Researchers link fracking to high-risk pregnancies and premature births
A new study has found that expectant mothers living close to hydraulic fracturing wells are more likely to experience high-risk pregnancies or deliver prematurely. Hydraulic fracturing, also known as fracking, involves drilling into the earth and pumping water, chemicals and sand to release the natural gas inside.
Researchers at Johns Hopkins University Bloomberg School of Public Health discovered that pregnant women residing close to active fracking areas were 40 percent more likely to deliver preterm, or before 37 weeks of gestation. They also found a 30 percent rise in high-risk pregnancies. Pregnancies are labeled high-risk when they involve factors such as excessive weight gain or elevated blood pressure in the mother.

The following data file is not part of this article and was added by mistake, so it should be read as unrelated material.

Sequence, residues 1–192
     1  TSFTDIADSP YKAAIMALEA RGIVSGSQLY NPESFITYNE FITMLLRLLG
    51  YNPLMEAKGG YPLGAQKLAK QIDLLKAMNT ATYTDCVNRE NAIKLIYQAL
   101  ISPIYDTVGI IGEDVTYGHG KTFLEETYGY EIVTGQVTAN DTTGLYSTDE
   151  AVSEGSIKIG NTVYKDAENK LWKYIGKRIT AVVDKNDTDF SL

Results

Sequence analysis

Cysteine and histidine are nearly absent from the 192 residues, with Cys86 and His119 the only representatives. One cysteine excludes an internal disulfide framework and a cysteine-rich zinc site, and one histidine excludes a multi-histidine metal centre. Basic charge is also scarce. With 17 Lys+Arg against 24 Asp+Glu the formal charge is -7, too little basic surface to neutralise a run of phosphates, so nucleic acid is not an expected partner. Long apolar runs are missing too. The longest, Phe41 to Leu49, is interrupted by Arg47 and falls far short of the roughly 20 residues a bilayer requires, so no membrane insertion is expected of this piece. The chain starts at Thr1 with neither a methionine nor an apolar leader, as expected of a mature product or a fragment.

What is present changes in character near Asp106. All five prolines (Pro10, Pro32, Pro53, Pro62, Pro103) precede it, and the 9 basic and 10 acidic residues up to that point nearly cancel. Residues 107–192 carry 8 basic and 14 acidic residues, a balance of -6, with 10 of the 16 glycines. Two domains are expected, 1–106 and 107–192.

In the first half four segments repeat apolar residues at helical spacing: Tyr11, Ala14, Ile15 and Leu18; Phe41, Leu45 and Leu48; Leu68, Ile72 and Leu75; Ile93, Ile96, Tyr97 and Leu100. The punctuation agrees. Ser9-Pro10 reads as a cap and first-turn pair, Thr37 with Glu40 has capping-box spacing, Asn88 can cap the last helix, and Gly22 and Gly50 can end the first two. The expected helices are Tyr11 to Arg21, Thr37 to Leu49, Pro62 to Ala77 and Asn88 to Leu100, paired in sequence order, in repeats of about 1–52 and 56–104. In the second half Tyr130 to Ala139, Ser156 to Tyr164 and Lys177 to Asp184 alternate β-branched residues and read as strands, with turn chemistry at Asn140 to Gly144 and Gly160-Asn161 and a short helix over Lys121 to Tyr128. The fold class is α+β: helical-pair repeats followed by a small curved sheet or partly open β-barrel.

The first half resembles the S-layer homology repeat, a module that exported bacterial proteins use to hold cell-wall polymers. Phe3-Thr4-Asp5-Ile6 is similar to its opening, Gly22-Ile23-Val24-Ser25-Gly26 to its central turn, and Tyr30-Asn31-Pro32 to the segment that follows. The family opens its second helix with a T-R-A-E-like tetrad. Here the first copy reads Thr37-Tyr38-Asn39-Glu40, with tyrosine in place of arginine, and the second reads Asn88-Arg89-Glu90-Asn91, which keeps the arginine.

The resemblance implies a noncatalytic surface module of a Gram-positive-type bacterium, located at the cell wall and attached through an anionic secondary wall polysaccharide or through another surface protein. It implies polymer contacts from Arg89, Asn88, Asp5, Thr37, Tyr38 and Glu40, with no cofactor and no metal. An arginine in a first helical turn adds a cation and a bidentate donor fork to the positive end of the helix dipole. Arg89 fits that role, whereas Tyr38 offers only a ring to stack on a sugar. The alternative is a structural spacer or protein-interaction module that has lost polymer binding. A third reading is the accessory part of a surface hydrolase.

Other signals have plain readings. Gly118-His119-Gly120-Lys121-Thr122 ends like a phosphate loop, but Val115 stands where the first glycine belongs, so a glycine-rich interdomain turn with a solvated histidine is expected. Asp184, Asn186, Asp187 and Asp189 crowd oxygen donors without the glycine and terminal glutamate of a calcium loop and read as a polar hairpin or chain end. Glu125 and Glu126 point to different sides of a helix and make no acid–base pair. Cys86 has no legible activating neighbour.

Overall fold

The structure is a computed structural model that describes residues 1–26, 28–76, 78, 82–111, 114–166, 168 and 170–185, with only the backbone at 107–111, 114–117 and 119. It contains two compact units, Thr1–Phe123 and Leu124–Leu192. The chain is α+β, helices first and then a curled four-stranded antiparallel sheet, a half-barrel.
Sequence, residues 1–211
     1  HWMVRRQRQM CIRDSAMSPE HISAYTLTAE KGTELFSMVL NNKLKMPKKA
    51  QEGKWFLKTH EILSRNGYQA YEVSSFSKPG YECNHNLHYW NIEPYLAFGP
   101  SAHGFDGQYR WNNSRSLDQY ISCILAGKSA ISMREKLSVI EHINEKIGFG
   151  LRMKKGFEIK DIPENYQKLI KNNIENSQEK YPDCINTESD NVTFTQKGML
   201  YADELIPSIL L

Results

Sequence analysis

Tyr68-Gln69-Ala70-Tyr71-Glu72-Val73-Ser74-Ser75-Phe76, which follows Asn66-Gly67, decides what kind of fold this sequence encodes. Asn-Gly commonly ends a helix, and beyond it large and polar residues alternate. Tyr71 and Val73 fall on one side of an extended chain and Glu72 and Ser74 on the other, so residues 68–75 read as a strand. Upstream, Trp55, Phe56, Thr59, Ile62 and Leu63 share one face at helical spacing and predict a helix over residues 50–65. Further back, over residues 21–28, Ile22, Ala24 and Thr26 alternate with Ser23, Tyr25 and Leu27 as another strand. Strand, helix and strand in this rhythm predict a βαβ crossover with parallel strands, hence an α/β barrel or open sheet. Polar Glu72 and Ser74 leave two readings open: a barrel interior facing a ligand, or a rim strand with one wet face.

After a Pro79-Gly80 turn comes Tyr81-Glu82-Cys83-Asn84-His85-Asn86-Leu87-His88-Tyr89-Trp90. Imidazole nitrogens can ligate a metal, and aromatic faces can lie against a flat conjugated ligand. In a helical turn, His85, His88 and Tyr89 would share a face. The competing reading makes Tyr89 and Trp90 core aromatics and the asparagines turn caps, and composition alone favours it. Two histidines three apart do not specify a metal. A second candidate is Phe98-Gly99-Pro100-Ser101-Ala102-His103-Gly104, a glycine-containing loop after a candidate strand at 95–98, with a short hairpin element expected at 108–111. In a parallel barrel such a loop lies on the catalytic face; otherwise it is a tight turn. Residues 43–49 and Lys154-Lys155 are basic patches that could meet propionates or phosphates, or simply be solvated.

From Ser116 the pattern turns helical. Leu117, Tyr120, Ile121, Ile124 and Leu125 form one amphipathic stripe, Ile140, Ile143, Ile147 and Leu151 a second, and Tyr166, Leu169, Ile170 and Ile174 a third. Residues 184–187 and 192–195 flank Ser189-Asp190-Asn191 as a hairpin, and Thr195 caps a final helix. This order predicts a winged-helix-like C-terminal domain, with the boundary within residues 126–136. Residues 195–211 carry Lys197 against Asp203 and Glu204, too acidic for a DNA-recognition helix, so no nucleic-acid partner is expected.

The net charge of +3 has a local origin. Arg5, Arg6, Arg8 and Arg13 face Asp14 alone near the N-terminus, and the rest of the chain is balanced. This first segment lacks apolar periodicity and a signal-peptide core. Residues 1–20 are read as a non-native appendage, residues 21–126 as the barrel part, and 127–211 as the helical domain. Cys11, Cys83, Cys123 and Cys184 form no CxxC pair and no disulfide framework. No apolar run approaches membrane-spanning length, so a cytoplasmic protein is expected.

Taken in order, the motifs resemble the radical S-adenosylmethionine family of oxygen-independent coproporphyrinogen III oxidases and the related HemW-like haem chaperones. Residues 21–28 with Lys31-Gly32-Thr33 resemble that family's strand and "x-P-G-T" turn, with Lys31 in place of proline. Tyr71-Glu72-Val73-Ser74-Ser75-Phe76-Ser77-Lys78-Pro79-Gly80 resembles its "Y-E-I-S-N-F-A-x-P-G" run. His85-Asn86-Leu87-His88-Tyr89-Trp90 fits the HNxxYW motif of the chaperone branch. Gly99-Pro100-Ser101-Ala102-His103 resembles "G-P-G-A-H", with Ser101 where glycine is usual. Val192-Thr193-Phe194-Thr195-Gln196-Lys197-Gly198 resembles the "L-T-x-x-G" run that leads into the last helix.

The study, published in the journal Epidemiology, involved examining the medical records of 9,384 mothers in Pennsylvania who gave birth to 10,946 babies between January 2009 and 2013. The research team compared how close the pregnant women lived to active fracking wells. However, they were unable to determine why pregnant women had worse outcomes near the most active wells.
According to the U.S. Centers for Disease Control and Prevention, premature births and high-risk pregnancies can result in a number of health problems for babies, including cerebral palsy, delayed development, breathing difficulties and long-term neurological disabilities.
It is important to note that determining fault can be more complicated than it might seem. If your child was injured and you believe someone else is fully or partially to blame, contact Chalik & Chalik to learn more about your rights.